Do we feel more confident after the debate in Parliament that was provoked by the main opposition’s censure motion? Have we been reassured by the government’s repeated pledge to create a “war room” to deal with natural disasters, now that the Joint Coordination Center for Operations and Crisis Management at the Civil Protection Ministry has been judged to be unprepared, even though the prime minister himself visited it in July 2020?
Have our fears about how the state will deal with the next extreme weather phenomena, which are sure to occur with increasing frequency, both in winter and summer, been alleviated?
In order to claim something so consoling, we would first have to prove that the three days of the parliamentary debate offered a fruitful discussion of quality, without the toxicity of politics. That during the debate, the government and the opposition – main and smaller parties – clashed fiercely, as democracy allows and even demands, but also exchanged proposals instead of the usual curses, and managed to reach an agreement, at least on the lesser issues.
We would also have to prove that all three parties that have governed for a while, or for a long time – New Democracy, PASOK and SYRIZA – have examined their history with honest vigor, know where they went wrong and, above all, recognize it publicly, without self-righteousness, evasions and twisted formalities.
Unfortunately, the whole debate reinforced our fears, rather than alleviating them. And this is not just because it was dominated by a clash over the frustratingly significant influence of trash TV, and generally of the yellow and yet publicly subsidized press, on political life. Even if we pressed our good faith to turn into trust in the state, its mechanisms, its reflexes, and its ability to impose its will on the innate bulimia of the private sector, we would not succeed.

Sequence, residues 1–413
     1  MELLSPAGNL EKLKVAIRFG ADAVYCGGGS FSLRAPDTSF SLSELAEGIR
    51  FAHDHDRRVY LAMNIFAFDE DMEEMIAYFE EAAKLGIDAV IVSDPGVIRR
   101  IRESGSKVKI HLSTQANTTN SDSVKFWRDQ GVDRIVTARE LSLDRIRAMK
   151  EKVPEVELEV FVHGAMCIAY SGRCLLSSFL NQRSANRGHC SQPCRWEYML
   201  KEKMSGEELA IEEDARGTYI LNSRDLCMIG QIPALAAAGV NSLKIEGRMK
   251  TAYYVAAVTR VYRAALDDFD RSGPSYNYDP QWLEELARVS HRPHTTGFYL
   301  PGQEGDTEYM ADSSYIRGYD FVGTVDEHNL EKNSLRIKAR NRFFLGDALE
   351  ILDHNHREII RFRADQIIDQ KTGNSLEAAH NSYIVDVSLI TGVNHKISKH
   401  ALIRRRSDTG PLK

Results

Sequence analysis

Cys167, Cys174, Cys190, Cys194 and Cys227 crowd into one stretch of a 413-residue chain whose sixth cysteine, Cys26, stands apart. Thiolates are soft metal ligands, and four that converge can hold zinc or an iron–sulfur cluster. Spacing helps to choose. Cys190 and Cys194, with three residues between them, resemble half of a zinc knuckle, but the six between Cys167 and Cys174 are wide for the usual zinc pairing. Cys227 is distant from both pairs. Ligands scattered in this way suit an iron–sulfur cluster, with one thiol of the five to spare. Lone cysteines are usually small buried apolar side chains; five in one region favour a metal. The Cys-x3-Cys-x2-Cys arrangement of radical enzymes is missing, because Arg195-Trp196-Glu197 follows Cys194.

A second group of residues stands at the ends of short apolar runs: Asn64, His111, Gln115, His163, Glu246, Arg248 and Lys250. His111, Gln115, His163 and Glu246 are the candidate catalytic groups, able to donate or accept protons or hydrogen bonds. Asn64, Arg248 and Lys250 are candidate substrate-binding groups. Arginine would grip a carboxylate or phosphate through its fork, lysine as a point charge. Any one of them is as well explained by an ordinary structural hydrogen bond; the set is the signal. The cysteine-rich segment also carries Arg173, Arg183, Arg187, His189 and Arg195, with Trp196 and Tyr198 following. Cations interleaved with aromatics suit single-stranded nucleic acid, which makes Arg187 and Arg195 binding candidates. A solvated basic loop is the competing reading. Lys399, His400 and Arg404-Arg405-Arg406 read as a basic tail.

The prevailing doctrine of “you have no right to speak, because you have done worse” only leads to self-admiration and self-acquittal from any responsibility. One thing was confirmed on Sunday: The willingness for self-criticism over the spectacular failure in dealing with snowstorm Elpis (Hope) was so great that it was accompanied by the claim that “the snow usually falls at night, but now it fell by day.” Meteorologists smiled bitterly when they heard this, just like the doctors before them, when they learned from the government that it makes no difference to patients whether they “are inside the ICU or outside it.”